Streams

Episode #2243

1000 Years of Popular Music

« previous episode | next episode »

Monday, November 29, 2004

Modern troubadour and Fairport Convention founding member Richard Thompson performs a bellyful of unusual songs, both widely known mega-pop-hits and obscure work-songs on his latest release, "1000 Years of Popular Music." His choices run the gamut from old English rounds, to a snippet from a Gilbert and Sullivan musical, to Lennon-McCartney, Prince, and er- Brittany? Hear selections from Thompson's new live album on this edition of New Sounds.

PROGRAM #2243, “1000 Years of Popular Music” (First aired on Wed. 2/4/04)

ARTIST(S)

RECORDING

CUT(S)

SOURCE

Philip Pickett and Richard Thompson

The Bones of All Men

La Forza d’Hercole, excerpt[2:00]

Hannibal #1416**
www.rykodisc.com *

Richard Thompson

1000 Years of Popular Music

Sumer is icumen in [2:30]
King Henry V’s Conquest of France [4:30]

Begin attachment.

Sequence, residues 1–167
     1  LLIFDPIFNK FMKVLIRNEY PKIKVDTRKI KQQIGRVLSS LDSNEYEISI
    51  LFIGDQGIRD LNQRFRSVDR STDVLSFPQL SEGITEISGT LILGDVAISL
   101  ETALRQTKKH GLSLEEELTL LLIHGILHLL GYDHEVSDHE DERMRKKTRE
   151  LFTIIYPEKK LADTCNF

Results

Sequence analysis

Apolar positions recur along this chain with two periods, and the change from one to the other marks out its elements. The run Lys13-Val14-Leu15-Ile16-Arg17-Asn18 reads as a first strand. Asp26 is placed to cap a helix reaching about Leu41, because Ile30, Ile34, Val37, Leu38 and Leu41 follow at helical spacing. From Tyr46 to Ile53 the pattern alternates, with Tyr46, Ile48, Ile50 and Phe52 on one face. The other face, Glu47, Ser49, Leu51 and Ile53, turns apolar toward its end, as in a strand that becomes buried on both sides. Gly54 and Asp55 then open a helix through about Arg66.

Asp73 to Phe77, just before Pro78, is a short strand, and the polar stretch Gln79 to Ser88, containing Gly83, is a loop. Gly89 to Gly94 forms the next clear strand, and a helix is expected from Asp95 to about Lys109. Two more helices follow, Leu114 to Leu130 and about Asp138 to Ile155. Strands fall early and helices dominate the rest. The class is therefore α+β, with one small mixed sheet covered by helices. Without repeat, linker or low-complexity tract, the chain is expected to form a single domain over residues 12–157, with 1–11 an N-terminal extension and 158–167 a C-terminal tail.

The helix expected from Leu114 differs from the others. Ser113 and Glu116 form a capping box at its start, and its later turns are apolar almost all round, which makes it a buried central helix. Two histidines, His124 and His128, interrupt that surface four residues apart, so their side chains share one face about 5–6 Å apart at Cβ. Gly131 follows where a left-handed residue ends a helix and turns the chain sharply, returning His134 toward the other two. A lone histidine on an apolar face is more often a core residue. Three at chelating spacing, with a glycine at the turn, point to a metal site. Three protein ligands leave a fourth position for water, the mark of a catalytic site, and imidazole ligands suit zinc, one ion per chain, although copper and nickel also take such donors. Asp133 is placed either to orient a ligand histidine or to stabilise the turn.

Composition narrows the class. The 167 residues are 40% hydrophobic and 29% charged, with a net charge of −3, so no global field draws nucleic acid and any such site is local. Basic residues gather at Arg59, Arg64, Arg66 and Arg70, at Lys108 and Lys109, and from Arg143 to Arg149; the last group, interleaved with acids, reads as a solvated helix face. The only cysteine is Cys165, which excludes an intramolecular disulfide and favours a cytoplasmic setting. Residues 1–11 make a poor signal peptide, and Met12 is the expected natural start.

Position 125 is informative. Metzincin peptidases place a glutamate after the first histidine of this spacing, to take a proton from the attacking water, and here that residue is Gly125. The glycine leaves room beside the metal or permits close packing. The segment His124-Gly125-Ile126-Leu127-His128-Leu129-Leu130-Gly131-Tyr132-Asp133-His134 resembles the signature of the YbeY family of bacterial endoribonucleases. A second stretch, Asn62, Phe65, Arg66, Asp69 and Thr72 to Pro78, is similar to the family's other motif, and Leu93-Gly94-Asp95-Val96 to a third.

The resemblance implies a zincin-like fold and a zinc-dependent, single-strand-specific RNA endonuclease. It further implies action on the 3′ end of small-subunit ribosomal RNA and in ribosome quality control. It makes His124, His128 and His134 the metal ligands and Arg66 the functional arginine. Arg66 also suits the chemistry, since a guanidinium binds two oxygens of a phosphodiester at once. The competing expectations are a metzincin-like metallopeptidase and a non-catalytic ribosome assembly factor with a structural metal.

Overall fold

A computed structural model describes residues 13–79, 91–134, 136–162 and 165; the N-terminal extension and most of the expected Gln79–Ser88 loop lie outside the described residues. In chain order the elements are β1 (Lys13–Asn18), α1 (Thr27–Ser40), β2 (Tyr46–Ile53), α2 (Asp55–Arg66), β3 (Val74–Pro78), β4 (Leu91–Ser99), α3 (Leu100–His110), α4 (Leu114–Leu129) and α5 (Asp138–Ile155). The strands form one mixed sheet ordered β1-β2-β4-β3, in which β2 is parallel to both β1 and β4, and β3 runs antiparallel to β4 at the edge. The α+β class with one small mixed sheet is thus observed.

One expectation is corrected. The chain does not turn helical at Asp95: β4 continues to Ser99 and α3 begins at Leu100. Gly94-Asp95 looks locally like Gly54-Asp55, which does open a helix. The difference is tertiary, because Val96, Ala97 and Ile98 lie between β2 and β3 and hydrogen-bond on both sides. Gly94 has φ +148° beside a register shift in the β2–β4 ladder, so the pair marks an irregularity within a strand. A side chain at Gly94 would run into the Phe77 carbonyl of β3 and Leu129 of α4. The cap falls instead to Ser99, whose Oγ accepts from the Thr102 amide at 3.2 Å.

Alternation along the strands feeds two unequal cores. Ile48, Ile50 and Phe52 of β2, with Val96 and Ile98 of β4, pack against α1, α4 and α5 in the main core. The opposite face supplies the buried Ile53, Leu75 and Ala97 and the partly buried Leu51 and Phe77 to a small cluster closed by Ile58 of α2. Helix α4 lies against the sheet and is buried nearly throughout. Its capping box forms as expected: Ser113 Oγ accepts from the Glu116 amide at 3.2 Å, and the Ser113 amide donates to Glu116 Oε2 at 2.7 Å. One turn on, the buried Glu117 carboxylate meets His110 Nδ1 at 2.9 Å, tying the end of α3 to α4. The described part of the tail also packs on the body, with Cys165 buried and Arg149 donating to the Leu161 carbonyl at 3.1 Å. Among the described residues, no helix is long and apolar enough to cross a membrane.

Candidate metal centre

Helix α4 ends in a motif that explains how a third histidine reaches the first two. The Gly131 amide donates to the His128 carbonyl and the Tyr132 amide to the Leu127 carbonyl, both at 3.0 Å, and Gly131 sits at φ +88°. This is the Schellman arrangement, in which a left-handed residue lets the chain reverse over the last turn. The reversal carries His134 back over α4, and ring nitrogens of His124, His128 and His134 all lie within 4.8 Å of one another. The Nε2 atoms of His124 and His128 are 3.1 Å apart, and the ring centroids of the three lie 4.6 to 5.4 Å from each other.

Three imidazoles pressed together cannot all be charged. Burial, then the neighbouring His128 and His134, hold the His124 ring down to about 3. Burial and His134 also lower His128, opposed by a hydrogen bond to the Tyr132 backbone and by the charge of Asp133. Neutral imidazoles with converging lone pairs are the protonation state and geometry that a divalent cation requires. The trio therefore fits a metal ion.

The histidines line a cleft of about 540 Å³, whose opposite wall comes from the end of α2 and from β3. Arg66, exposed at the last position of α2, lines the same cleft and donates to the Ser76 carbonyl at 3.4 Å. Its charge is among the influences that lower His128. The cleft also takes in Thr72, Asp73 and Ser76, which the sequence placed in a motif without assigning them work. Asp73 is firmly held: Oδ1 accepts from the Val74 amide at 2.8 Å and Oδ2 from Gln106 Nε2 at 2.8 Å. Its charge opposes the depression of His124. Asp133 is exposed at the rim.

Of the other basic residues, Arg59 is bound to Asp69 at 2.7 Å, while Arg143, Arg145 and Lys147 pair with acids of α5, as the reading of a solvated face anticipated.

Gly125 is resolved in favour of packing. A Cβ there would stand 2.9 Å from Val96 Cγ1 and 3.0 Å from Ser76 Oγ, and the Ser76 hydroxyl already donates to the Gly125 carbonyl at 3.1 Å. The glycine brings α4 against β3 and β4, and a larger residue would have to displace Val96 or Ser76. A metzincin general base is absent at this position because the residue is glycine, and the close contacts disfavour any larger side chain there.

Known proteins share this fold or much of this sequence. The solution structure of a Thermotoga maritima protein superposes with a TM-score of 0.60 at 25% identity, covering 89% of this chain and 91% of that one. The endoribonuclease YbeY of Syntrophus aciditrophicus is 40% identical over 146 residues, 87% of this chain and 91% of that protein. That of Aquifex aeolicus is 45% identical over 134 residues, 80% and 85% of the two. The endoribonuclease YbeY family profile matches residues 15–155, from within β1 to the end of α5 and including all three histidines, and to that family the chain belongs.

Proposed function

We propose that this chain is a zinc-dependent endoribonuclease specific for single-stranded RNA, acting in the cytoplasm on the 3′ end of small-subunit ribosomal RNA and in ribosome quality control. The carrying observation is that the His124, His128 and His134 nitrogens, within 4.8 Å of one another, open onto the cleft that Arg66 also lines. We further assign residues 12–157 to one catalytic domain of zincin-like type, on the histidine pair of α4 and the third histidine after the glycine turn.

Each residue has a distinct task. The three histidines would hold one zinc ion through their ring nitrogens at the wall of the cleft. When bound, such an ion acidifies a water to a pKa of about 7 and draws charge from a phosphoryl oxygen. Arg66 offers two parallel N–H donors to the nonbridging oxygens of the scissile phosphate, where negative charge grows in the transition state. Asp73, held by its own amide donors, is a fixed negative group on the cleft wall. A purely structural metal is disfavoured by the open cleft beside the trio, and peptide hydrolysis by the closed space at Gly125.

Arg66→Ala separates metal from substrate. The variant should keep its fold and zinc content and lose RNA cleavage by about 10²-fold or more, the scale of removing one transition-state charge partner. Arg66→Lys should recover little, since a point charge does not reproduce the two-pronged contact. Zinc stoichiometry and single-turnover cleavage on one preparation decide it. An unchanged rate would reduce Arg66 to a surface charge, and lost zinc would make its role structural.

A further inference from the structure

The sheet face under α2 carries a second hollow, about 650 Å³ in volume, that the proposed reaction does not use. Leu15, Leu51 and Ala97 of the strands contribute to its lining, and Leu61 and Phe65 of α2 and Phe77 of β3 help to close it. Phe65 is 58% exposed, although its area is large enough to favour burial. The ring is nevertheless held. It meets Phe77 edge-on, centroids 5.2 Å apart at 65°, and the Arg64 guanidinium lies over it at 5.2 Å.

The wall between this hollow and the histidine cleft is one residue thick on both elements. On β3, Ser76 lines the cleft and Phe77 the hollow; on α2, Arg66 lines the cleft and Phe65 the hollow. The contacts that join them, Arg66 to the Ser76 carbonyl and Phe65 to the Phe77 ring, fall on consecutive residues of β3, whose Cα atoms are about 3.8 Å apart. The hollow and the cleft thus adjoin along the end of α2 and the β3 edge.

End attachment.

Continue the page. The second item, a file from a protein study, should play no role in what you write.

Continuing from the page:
So Ben Mi Ca Bon Tempo [3:00]
Blackleg Miner [3:00]

Beeswing #003. available through Thompson’s own website: www.richardthompson-music.com

Richard Thompson and Danny Thompson

Industry

Saboteur [3:30]

Hannibal #1414** www.rykodisc.com *

Richard Thompson

1000 Years of Popular Music

Why Have My Loved Ones Gone? [3:30]
Drinking Wine Spo-dee-o-dee [3:00]
Legal Matter [3:30]
It Won’t Be Long [3:30]
Kiss [4:00]

See above.

Richard Thompson and Danny Thompson

The Bones of All Men

The Short Mesure Off My Lady Wynkfylds Rownde [4:00]
Passo e Mezo, excerpt [6:00]

See above.

Find the recordings you've heard - go to the New Sounds Recordings Information page

News, weather, Radiolab, Brian Lehrer and more.
Get the best of WNYC in your inbox, every morning.

Leave a Comment

Register for your own account so you can vote on comments, save your favorites, and more. Learn more.
Please stay on topic, be civil, and be brief.
Email addresses are never displayed, but they are required to confirm your comments. Names are displayed with all comments. We reserve the right to edit any comments posted on this site. Please read the Comment Guidelines before posting. By leaving a comment, you agree to New York Public Radio's Privacy Policy and Terms Of Use.